Symptoms of parasite infestation include general unthriftiness, a rundown condition, rough hair coat, loss of weight, poor appetite, diarrhea, and anemia. If you suspect your goats are infested with internal parasites, collect fecal samples and take the samples to your veterinarian. Examination will determine the type and degree of infestation and recommended treatment.

External parasites, including lice, ticks, mites, horn flies, stable flies, horse flies, deer flies, and mosquitoes, might present serious problems. These pests are most prevalent in the spring, summer, and fall but can be a problem throughout the year.

Common Diseases

A number of diseases occur in goats. When a problem occurs in your herd, consult your veterinarian. Information is readily available concerning these diseases and their diagnosis and treatments. The most significant diseases are soremouth, tetanus, overeating disease, foot rot, and bloat.

  • Soremouth is a contagious disease that causes formation of scabs on the lips and around the mouths. This virus can affect humans, so be careful when working with goats with soremouth. A live virus soremouth vaccine, available as a preventive measure, is applied to a small scratched area in the fore or rear flank or in the ear. Few medicines help in the actual treatment of soremouth. Iodine can be rubbed into lesions after the scabs are removed to help dry up the area and reduce the infection. If your goats do not have soremouth, do not vaccinate or you will introduce it into your herd.
  • Tetanus (lock jaw) is a disease usually resulting from a wound infection. The disease is caused by a powerful toxin produced by a bacterium that grows in the absence of oxygen. The first sign of tetanus is a stiffness about the goat’s head; the animal often chews slowly and weakly and swallows awkwardly. Also, the goat’s third or inner eyelids protrude over the forward surface of the eyeballs. The animal shows violent spasmodic reactions with the slightest movement or noise and usually remains standing until close to death. All ages are susceptible, but kids weakened due to castration or dehorning are more susceptible to tetanus. Tetanus is hard to treat, and death occurs in more than 50 percent of the cases. Contact your veterinarian immediately; keep infected goats as quiet as possible. Tetanus antitoxin might help if administered early, but prevention is the best policy. Reduce the incidence of wounds, apply sanitary and proper wound treatments, and vaccinate with tetanus toxoid immediately after dehorning or castration surgery.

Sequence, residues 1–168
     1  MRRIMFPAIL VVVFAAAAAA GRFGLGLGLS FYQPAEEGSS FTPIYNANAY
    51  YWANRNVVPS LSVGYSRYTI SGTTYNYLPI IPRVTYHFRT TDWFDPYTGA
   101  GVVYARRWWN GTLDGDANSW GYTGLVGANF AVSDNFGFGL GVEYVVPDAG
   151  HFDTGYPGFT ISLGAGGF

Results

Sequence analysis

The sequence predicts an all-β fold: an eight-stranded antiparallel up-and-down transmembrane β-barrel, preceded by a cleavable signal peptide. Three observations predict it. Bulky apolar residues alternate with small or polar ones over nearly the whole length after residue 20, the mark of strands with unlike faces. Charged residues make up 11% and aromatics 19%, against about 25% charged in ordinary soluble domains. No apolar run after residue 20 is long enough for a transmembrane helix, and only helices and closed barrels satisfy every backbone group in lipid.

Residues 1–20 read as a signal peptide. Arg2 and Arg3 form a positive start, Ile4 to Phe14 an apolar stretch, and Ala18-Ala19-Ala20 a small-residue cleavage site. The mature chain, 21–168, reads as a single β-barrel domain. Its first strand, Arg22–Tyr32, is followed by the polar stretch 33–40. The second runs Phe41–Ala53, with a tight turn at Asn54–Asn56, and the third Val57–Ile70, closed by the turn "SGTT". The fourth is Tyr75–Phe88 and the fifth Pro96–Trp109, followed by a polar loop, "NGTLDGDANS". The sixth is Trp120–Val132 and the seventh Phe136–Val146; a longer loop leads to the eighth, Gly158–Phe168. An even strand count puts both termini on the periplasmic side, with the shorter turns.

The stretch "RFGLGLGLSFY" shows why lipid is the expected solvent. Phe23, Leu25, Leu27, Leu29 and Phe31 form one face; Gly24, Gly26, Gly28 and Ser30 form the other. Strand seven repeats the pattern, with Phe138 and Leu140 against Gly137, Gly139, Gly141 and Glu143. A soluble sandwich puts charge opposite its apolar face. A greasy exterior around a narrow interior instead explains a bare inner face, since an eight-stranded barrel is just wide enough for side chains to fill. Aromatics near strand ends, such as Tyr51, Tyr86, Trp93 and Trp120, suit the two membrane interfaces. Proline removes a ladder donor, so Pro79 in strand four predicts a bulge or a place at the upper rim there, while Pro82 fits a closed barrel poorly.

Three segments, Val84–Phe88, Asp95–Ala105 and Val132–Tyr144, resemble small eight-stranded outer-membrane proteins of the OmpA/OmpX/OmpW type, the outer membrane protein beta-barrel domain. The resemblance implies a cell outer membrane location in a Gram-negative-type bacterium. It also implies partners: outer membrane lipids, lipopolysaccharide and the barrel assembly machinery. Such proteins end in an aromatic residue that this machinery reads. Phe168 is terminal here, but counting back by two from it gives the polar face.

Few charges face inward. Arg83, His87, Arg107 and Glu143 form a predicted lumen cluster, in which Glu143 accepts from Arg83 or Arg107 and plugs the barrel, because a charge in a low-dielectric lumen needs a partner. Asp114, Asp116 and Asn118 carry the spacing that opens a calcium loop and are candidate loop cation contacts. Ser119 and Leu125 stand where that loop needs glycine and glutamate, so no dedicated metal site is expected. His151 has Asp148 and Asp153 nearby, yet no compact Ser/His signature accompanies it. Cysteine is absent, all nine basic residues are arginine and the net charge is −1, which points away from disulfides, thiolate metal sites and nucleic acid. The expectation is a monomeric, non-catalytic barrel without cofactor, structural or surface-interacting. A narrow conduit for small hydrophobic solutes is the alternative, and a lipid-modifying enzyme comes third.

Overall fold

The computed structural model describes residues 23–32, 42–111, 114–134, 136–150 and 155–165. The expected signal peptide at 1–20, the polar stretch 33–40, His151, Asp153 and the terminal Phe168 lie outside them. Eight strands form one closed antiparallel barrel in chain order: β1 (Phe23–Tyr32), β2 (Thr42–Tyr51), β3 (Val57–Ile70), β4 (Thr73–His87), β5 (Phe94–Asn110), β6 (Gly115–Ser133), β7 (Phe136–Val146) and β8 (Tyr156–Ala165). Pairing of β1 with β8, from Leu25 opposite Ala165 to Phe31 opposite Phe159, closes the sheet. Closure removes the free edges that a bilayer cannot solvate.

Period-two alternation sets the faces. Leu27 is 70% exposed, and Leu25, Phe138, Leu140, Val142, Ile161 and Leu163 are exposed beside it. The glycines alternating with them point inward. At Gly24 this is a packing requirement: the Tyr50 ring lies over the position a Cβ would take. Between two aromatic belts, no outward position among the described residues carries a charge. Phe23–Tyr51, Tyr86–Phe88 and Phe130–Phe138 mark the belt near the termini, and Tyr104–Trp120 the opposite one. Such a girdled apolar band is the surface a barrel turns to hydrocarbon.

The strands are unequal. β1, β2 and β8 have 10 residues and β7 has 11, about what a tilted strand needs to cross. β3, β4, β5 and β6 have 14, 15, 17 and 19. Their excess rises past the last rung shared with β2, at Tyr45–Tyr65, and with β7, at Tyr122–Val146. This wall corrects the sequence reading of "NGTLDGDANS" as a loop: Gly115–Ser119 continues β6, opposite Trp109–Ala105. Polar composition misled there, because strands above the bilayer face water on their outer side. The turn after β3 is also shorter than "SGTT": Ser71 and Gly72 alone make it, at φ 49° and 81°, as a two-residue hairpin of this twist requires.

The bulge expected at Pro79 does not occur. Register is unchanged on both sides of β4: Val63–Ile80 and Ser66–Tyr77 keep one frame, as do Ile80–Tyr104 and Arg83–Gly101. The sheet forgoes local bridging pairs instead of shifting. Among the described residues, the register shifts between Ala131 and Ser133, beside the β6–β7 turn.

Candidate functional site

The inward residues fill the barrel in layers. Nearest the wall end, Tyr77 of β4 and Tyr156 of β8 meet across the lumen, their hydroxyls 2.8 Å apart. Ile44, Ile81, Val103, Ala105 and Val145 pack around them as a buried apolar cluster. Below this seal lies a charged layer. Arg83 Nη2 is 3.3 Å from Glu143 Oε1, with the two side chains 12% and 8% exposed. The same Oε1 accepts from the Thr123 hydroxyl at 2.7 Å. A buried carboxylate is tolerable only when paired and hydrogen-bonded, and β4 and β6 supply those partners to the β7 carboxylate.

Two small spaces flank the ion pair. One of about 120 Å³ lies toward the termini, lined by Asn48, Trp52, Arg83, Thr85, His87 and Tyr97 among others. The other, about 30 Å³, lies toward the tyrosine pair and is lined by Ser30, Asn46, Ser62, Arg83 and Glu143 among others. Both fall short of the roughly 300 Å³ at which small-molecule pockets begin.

• Overeating disease (enterotoxemia) generally results in death and seldom exhibits symptoms. This disease is caused by a clostridial organism that is normally in the intestine of most goats. Goats that have their feeding schedules abruptly changed or consume large amounts of grain are the most susceptible to overeating disease. These changes cause the clostridial organism to grow rapidly and to produce a powerful toxin that causes death within a few hours. The two types of enterotoxemia are C and D. Vaccinate all your goats with the combination C and D vaccine; multiple vaccinations are recommended. Two or three vaccinations are preferred, with the booster doses coming at 3to 4week intervals following the first vaccination. A good vaccination program should eliminate losses from overeating.
  • Foot rot is not often seen in goats, but it may occur if animals spend considerable time in wet, unsanitary yards or barns. The first symptom is lameness, followed by a swelling of the foot that becomes hot to the touch. Carefully trim the rotten area away and treat the foot with a 10to 30percent copper sulfate solution or other medication prescribed by a veterinarian.
  • Bloat is the accumulation of an excessive amount of gas in the rumen. This may result from overeating tender, young, high-moisture legumes or other green forages still wet with dew. Symptoms of bloated goats include the animal’s lying down and getting up at frequent intervals, kicking at the abdomen, making loud grunting noises, or otherwise showing distress. Prevention includes making sure the animals have a good fill of dry hay before turning them onto moist pasture. Animals can die suddenly with bloat; therefore, do not wait too long before calling the veterinarian for assistance.

Few drugs are approved for use on goats. Nonapproved over-the-counter drugs become prescription drugs. Every goat producer should have a valid client-patient relationship with a veterinarian. Goats that are kept on adequate browse and grazing have few disease problems if not overcrowded. Carefully buying new breeding stock and isolation can help prevent bringing in new diseases.

Remember: Most goats will be sold for meat; therefore, after treating goats with any drug, be sure you allow adequate withdrawal time before slaughter.